Forgive me. You’ve heard this story. When I was in the third grade, my father took me to a baseball game at Atlanta-Fulton County Stadium. It was 1966, the Braves’ first season in Atlanta.
I don’t recall who the Braves were playing, much less the score. I just remember squinting against the sunlight in the direction of the scoreboard, where a message read: “Atlanta is Proud to Have the Falcons.’’
“What’s a falcon?” I wondered.
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In the days before Googling, I asked my dad.
“A bird of prey,’’ he said.
Forgive me again, Lord.
I must pray for this bird of prey.
It may be inappropriate, even somewhat sacrilegious, to be sending you a knee-mail about a football game. But consider this a prayer of biblical proportions. From the book of Ecclesiastes: “To everything there is a season.’’
Maybe this is our season.
The Atlanta Falcons arrived in the National Football League as an expansion team in 1966. That was the same season the Green Bay Packers from the NFL and Kansas City (from the old American Football League) went on to meet in Super Bowl I.
Another expansion team that year — the 1966 Miami Dolphins — wasted no time in making it to their first Super Bowl after just six seasons. They lost, but won on their return trip the next year.
This is only the second Super Bowl show for the Falcons in 51 years. The first one didn’t turn out so well, despite all those “Dirty Bird’’ dances.
We have been in the wilderness longer than Moses.
Although you are not one to argue, God, you could point out the Chicago Cubs had a 108-year drought before winning the World Series last fall.
Atlanta football fans have been waiting only about half that long for a Super Bowl trophy.
Maybe we can plea bargain.
I have been a Falcons fan since I was a tater tot. The Braves came South like a foster child, first from Boston and then by way of Milwaukee. Our Falcons were born and bred in the red clay, just like me.
Granted, they have been birds of wobbly flight. They lost the first nine regular-season games they ever played, setting the tone for generations of underwhelming outcomes. They have had a winning record in only 16 of their 51 seasons.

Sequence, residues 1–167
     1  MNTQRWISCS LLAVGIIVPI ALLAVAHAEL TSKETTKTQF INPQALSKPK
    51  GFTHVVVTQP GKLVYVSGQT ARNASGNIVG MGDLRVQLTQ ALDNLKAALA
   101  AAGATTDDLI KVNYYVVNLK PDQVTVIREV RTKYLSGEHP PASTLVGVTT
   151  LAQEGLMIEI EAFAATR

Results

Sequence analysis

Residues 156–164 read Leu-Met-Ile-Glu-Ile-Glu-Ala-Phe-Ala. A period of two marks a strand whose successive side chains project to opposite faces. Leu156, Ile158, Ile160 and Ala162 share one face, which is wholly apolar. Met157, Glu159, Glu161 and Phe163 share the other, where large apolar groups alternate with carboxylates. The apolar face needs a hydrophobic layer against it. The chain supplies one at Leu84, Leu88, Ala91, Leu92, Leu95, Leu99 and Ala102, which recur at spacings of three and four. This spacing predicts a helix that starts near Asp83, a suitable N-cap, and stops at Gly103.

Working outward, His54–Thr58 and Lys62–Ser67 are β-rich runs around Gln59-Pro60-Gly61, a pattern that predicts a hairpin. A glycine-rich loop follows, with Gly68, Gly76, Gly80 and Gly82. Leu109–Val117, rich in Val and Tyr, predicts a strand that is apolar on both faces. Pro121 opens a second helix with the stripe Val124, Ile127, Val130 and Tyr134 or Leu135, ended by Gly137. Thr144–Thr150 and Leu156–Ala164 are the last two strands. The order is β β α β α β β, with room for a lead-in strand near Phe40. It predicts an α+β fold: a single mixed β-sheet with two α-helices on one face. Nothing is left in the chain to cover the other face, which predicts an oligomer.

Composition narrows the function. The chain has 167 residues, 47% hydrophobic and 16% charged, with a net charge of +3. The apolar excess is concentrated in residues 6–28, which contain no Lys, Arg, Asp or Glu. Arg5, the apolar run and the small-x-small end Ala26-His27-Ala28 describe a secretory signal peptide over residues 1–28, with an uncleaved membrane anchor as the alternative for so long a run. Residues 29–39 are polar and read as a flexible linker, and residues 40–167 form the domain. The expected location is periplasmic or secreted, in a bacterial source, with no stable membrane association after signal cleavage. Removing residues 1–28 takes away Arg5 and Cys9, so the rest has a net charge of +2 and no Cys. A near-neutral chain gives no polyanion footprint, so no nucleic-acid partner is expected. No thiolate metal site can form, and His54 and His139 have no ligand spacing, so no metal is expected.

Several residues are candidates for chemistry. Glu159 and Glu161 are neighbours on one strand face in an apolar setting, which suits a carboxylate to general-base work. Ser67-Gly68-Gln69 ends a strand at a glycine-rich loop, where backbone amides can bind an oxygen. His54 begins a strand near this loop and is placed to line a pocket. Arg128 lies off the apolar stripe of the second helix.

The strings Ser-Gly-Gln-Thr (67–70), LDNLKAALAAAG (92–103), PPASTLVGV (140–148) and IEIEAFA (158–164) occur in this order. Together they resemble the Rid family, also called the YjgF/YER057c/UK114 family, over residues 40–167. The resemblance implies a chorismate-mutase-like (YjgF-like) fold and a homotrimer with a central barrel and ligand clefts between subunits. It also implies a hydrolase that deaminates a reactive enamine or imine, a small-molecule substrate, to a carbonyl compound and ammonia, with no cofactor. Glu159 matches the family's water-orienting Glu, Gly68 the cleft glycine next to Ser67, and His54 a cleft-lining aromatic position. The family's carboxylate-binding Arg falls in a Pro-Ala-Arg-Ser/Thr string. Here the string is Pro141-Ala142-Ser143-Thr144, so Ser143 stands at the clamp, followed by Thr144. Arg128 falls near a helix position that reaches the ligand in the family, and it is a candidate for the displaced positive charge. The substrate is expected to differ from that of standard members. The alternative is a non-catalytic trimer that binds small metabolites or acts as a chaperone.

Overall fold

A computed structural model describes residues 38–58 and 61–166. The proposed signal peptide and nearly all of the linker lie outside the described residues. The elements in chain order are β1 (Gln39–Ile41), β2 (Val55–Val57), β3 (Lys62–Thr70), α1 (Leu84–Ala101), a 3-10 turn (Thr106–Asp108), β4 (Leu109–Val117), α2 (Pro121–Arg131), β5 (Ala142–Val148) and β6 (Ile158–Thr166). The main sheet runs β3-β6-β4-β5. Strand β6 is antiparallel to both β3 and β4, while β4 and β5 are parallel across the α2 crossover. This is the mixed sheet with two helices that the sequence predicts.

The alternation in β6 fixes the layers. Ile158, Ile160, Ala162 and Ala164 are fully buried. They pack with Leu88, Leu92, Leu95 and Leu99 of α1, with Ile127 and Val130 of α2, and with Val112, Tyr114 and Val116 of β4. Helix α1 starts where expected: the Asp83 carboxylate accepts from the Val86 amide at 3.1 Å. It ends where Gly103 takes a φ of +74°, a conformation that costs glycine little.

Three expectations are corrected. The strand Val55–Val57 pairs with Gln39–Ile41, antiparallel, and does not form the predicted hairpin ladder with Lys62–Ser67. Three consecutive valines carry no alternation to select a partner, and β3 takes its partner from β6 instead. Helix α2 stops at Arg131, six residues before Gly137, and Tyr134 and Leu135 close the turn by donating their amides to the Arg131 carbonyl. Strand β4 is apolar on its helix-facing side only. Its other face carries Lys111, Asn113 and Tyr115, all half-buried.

Sorry about all the statistics, God. Let me cut to the chase.
Maybe there is joy in the struggles. Patience is a virtue. Losing toughens your resolve. Victories are sweeter.
In this game — the one played before and after Lady Gaga and between all those $5 million commercials — we are just a little David with a slingshot taking aim at the New England Patriots, that Goliath to the North.
The Patriots have been to the Super Bowl nine times, more than any other NFL team. Shoot, they’ve been six times in the last 15 years, winning four titles along the way. We’ve been sitting at home.
I’ve lost count of all the hapless Falcons games I saw at the old Atlanta-Fulton County Stadium, then watched them tear it down. When they moved over to the Georgia Dome, I had the opportunity to cover the first game ever played there — a preseason contest against the Philadelphia Eagles on Sept. 13, 1998. And now they will tear it down, too.
The Falcons made it to the Super Bowl in their first and last seasons in the Dome — all without a title. A few whimpers, even some glory, but never a championship.
Nowhere is it written the “haves’’ versus the “have-nots” is supposed to balance out. Life is not always fair. Or equal.
But as a young sportswriter, still very wet behind the ears, I once found myself in the visitor’s locker room one Sunday afternoon. The Falcons had miraculously beaten the New Orleans Saints that day, on a play that became known as “Big Ben Right.’’
There were dozens of reporters surrounding Saints quarterback Archie Manning, asking him questions. Then, suddenly, they all peeled away and it was just me and Archie — a man who never won a Super Bowl but had two quarterback sons with a collection of Super Bowl rings.
I gulped. I stammered. I summoned the courage to ask him about losing the game.
“Well,’’ he said. “The sun don’t shine on the same dog’s (tail) every day.’’
Only he didn’t use the word “tail.” It was a three-letter word that starts with the first letter of the alphabet and appears numerous times in the Bible. I can’t write it here, though. I can only offer a clue, like a crossword puzzle.
But I have thought about it a lot. We have a quarterback named Matthew and a head coach named Daniel. That has got to be a good sign. And I’m convinced somebody probably begat a Julio somewhere back in the Old Testament.
Rise Up? That sounds heavenly to me. I’m also pretty sure that, if there was an 11th commandment, it would say: “Thou shalt not deflate footballs #TomBrady.’’
God, I know you answer prayers. You listen to mine every day. And, once again, forgive me if you consider dismissing this one.
But I’m going to toss it out there anyway.
I hope both teams score a lot of points. I just pray my team scores at least one more than the other.
Ed Grisamore teaches journalism and creative writing at Stratford Academy in Macon. His column appears Sundays in The Telegraph.